Women’s reproductive events linked to diabetes, high cholesterol

Women's life stages and how they affect health later.

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Researchers from Harvard Pilgrim Health Care Institute have discovered that aspects of female reproductive health may be overlooked as contributors to later metabolic issues. The study, published in Cell Metabolism on January 26, emphasizes the importance of factors like blood glucose, lipids, blood pressure, and body fat in shaping long-term health, potentially impacting conditions such as type 2 diabetes and cardiovascular disease.

Lead author Amy R. Nichols, PhD, MS, RD, a research fellow at the Harvard Pilgrim Health Care Institute and the Harvard T.H. Chan School of Public Health, said, “Our review provides insights into potential underlying causes and risk factors for poorer metabolic function. Current evidence linking certain female reproductive traits to chronic metabolic health and disease suggests that screening for reproductive risk factors across the life course may be an initial step to aid prevention or treatment of chronic metabolic diseases.”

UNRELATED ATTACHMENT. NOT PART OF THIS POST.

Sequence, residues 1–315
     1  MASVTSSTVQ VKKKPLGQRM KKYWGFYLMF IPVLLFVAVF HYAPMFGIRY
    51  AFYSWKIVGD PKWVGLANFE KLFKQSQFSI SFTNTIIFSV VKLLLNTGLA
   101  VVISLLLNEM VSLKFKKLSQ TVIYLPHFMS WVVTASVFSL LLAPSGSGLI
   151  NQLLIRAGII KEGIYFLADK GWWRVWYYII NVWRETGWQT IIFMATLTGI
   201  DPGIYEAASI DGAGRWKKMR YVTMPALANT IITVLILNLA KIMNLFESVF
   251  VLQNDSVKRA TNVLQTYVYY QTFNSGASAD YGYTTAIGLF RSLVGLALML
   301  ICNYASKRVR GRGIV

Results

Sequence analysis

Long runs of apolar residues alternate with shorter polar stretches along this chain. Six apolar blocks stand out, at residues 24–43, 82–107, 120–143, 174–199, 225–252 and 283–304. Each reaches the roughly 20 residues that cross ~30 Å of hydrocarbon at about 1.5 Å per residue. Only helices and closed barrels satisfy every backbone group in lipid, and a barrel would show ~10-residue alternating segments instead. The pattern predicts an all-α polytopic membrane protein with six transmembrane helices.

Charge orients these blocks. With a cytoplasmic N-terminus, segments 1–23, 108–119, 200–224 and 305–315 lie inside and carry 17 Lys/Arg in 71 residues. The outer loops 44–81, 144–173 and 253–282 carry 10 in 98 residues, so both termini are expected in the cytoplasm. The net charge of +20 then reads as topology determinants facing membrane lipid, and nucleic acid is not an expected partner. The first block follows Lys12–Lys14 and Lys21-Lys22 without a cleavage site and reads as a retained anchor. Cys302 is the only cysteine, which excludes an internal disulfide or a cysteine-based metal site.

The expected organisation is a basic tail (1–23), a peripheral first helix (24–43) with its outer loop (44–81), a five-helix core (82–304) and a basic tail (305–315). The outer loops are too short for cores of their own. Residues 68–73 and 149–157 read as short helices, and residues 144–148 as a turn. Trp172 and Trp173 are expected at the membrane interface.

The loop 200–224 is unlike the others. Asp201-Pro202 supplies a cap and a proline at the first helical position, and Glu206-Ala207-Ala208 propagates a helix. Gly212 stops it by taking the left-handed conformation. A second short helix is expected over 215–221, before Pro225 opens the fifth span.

Various factors during a woman’s reproductive life may impact future health. These include early menstruation, irregular periods, polycystic ovary syndrome (PCOS), significant weight changes during pregnancy, abnormal blood sugar and lipid levels in pregnancy, and the severity and timing of menopausal symptoms. The study suggests these traits may have common underlying causes like genetics, hormonal changes, or body fat, leading to potential health issues.

While recognizing these reproductive milestones as risk factors is a step forward, further research is needed to understand these connections fully. Senior author Emily Oken emphasizes the importance of clinical evidence in healthcare to educate patients, implement prevention strategies, and delay the onset of diseases related to metabolic dysfunction.

This study underscores the potential link between female reproductive milestones and the risk of diabetes and high cholesterol later in life. While more research is needed to comprehend the intricate relationships and underlying mechanisms fully, the findings emphasize the importance of recognizing these factors for better understanding and addressing metabolic health challenges in women.

Journal reference:

  1. Amy R. Nichols, Jorge E. Chavarro et al., Reproductive risk factors across the female life course and later metabolic health. Cell Metabolism. DOI: 10.1016/j.cmet.2024.01.002.

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